Answers to Quora Questions by Yair Davidiy (22 August 2017, 30 Av, 5777)
What are the largest differences between orthodox and hasidic Jews?
(10 April, 2018, 25 Nisan, 5778)
Strictly speaking Hasidim are a branch of Orthodox Jewry. The questioner apparently intends to inquire as to the difference between Hasidim and the other Orthodox. The Orthodox Jews may be divided into different groupings: One has Modern Orthodox and Ultra-Orthodox (Hareidim), as well as (mainly in Israel) National Religious, and then there are the Hasidim. Modern Orthodox and National Religious roughly speaking may be considered modernized offshoots of the non-Hasidic Ultra-Orthodox. These are also known as "Litvaks," i.e. Lithuanians after the place whose religious centers most influenced them.
What is the difference between the Litvak Ultra-Orthodox and the Hasidim?
Hasidim put more emphasis on a leading "Rabbi." The Rabbi is a charismatic personality or the offspring of one. It goes in the family though occasionally new "Rabbis" do appear. Hasidim are more communally orientated and inter-twined with each other. They have more communal gatherings, talks from the Rabbi, assemblies, etc. They often emphasize prayer over learning. They tend to often favor strict rulings for the sake of it. Litvaks may also have that tendency but overall are more rational.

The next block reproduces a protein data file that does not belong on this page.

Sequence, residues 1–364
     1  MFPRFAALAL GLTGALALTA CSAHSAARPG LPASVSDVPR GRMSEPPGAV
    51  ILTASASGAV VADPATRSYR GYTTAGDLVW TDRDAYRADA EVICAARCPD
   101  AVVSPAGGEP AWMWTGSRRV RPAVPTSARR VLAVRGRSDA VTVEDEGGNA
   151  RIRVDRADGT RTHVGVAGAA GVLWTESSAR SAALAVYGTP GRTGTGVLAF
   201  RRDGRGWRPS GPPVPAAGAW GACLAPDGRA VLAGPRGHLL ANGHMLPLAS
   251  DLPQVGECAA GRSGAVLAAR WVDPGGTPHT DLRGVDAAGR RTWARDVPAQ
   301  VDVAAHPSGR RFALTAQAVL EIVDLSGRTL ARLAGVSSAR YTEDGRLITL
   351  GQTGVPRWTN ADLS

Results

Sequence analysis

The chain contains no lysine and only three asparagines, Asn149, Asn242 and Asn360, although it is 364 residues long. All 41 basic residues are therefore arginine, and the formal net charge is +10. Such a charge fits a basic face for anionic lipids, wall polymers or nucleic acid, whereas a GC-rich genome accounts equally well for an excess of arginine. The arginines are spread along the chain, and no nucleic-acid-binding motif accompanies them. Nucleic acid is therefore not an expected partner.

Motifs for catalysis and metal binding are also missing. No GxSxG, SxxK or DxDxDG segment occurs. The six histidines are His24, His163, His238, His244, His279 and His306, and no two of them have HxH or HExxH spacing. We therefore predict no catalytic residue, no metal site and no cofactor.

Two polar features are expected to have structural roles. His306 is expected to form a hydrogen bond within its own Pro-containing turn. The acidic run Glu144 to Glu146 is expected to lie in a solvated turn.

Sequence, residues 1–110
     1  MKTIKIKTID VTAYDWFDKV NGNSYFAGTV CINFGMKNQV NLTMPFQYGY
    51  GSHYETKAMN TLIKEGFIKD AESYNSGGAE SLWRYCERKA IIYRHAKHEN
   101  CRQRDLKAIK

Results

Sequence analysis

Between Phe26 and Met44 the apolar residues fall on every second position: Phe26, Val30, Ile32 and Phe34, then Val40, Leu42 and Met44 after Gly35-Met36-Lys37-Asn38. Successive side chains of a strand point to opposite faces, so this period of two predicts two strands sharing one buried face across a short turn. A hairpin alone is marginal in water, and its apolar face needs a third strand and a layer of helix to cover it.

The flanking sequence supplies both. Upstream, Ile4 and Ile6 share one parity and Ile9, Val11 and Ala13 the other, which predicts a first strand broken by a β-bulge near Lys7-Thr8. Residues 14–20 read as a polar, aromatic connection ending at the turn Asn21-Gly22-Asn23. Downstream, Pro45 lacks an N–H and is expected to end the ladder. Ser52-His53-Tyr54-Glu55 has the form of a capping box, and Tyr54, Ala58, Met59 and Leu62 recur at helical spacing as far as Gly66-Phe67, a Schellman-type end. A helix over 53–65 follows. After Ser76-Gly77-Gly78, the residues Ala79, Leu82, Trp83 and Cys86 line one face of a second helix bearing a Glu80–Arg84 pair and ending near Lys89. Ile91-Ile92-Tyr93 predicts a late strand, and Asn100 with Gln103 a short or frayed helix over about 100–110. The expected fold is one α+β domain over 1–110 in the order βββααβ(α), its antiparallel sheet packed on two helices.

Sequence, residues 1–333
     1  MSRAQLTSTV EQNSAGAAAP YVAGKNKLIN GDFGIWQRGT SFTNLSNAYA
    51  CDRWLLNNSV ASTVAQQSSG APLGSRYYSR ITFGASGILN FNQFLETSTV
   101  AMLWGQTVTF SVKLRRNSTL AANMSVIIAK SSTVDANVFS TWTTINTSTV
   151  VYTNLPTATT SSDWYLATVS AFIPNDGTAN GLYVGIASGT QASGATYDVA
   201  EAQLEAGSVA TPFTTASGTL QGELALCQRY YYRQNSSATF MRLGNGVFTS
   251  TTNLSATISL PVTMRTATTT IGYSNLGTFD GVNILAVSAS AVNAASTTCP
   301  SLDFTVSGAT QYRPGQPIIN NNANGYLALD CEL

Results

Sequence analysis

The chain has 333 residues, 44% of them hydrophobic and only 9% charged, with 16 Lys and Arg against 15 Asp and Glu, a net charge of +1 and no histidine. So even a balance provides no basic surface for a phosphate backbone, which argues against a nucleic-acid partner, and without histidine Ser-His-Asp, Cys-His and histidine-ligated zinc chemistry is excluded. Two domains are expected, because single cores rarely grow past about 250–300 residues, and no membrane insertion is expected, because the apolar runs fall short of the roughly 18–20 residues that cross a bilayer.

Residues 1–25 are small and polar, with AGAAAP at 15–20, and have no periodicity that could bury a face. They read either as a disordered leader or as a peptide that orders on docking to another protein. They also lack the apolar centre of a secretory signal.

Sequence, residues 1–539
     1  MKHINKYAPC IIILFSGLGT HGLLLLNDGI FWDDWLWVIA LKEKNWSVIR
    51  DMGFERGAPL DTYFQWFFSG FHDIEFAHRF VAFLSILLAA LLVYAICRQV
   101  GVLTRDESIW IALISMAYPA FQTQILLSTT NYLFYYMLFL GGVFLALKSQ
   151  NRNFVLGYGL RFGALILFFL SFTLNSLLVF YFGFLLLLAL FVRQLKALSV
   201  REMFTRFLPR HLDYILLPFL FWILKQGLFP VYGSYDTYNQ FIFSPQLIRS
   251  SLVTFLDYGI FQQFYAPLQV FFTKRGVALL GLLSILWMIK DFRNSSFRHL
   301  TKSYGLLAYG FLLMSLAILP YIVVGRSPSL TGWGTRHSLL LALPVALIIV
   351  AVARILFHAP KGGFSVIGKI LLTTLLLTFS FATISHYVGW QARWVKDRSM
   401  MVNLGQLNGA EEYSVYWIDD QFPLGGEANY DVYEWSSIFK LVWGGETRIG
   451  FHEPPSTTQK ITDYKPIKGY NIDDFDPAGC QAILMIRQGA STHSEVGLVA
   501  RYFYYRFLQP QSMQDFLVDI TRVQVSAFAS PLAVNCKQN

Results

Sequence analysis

Litvaks stress the importance of learning for its own sake as well as in order to know what should be done. Litvaks and Hasidim these days may overlap. They co-operate in dealing with external forces. Hasidim may learn in Litvak institutions though Litvaks will seldom learn in Hasidic ones. The two groups seldom intermarry with each other. Litvak institutions in Israel generally teach in Hebrew whereas Hasidic ones usually use Yiddish.
In Israel most of the Ultra-Orthodox Sephardim have recently attached themselves to the Litvaks and become part of them. This may seem strange to an outsider but in general it works. On the other hand, one also has Chabad Hasidim (Lubavitch) who in many ways are considered a part of the National Religious Orthodox group who in turn often adopt Hasidic teachings. Chabad emphasizes outreach and attracts Jews from all over including many from North African Jewish communities such as those now in France and Israel.
This is an interesting and complex subject. Books have been written about it but much remains to be said.